Burying the Ex / American Burger / German Angst

First held over a weekend in 1996, the Night Visions Film Festival in Helsinki, Finland has steadiy grown to become an increasing important force in Scandanavia, expanding to twice-yearly editions in the spring and fall, and expanding its showcase beyond horror to include action thrillers, sci-fi, fantasy, and other genre films.

Helsinki is a beautiful city, negating the effect of springtime temperatures that hovered in the 30s, and the downtown district is filled with pedestrians and trams, making a daily trip between our accomodation and the festival screening facilities exceedingly pleasant. The festival kicked off with the local premiere of Sean Penn's The Gunman, which might seem an odd choice until it's pointed out that Finnish star Peter Franzen has a key supporting role in the thriller; the audience in the lovely Maxim theater responded very warmly to his personal appearance to introduce the film and answer questions afterward.

We were there, however, to see the latest crop of horror movies as they debuted in the Nordic region. Finns are taught English and Swedish in school, in addition to their native language, so while Finnish subtitles are helpful, English-language fright flicks played quite well, making it clear that horror is a universal language for moviegoers.


Burying the Ex

The latest from director Joe Dante (Gremlins) is a light horror comedy starring Anton Yelchin as a young man who's on the verge of breaking up with his increasingly annoying girlfrield (Ashley Greene) when she is killed in an accident. He is pulled out of his grief-stricken funk by the very appealing Alexandra Daddario, but things get complicated when his old girlfriend comes back from the dead. It's a fun movie, and it played great on a big screeen before a good crowd. It opens in select theaters in the U.S. on June 19.


American Burger

Talk about cross-cultural horror stories! This comedy pokes fun at American horror movies set at summer camps with a decidedly demented point of view. Here a bus filled with American kids -- played by British and Swedish actors -- stops by the "American Burger" meat-processing factory, only to discover to their dismay that the company insists on making their burgers with fresh Americans of the human variety. The low-brow approach knitted together by directors  Bonita Drake (British) and Johan Bromander (Swedish) is very raw but should appeal to those who enjoy Troma-style horror in the U.S., where it's expected to strike a distribution deal soon.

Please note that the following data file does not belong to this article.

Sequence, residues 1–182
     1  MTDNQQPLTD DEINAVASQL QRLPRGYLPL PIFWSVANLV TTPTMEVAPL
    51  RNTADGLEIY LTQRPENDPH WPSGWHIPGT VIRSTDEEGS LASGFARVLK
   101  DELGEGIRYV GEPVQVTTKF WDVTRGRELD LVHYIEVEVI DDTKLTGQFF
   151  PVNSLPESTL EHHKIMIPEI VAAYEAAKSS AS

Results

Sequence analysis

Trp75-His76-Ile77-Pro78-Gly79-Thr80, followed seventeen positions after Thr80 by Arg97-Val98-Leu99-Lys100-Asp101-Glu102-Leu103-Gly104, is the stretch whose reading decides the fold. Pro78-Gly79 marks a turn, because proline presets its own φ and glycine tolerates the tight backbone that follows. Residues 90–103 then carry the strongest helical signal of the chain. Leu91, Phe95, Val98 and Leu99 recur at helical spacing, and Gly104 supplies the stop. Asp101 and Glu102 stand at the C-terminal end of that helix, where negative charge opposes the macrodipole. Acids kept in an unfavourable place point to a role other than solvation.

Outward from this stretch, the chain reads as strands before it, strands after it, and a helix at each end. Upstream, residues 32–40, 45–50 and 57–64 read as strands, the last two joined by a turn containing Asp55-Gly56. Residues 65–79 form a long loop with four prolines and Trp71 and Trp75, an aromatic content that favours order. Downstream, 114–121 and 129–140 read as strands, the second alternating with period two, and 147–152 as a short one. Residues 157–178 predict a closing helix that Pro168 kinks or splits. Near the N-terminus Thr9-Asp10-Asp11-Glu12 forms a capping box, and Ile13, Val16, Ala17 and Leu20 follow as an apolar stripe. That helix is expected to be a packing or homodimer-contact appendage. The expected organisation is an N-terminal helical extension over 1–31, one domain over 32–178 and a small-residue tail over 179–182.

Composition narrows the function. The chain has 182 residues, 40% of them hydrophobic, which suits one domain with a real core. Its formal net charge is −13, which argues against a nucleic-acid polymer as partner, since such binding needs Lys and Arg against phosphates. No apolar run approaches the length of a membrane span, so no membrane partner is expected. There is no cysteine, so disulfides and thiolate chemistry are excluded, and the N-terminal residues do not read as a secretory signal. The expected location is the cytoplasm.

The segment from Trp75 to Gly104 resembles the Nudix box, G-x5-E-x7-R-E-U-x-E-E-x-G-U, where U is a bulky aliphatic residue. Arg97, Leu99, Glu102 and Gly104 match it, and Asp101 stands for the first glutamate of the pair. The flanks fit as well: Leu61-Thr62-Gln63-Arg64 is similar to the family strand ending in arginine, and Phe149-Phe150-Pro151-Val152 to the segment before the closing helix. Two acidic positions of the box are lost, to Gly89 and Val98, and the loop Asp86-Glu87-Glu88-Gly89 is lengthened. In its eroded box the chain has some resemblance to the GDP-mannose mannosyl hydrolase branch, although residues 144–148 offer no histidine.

German Angst

Horror movies have long suffered from a disreputable reputation in Germany, which is probably why so few have emerged over the years. Now comes a trio of short films from the extreme side of horror, filled with disturbing behavior, explicit violence, and exposed body parts. Thus, we can't show you the NSFW adults-only trailer here -- though more adventurous viewers can legally watch it elsewhere -- but we can say that it's an extremely well-made and provocative picture that is sure to stir up discussion. It will play at select film festivals in the U.S. later this year.

German Angst


Serial Killer Culture

The interview subjects in this documentary are readily aware that their "morbid fascination" with serial killers marks them as strange or different, yet how different are they, really, from those of us who are willing to watch just about any horror movie featuring a serial killer? John Borowski's film quickly becomes an engrossing look into the lives of ordinary people who can't help but be drawn to learn more about murderous figures who have committed terrible crimes. The doc held the audience rapt; the good news is that it's already available on DVD and Netflix in the U.S.


Bonus: I Am Thor

If you've never attended a genre film festival, you might be surprised to see a title like I Am Thor pop up. It's a lively documentary about Jon Mikl Thor, a cheerful fellow whose entertainment career began in the late 1960s, eventually leading him on a bewildering trip through highs and lows, appearing in Las Vegas, making records, acting in little-remembered movies, and, mostly, touring all over the world as a rock singer. His never-say-die attitude is infectious, and the film is filled with his low-key, rioutously funny misfires. It also has rude language and occasional nudity in photographs and archival footage. Thor eventually makes a touring stop in Finland, which drew a loud reaction from the audience. This is the kind of movie that will please fans of horror comedies: a bit rough but tremendously appealing.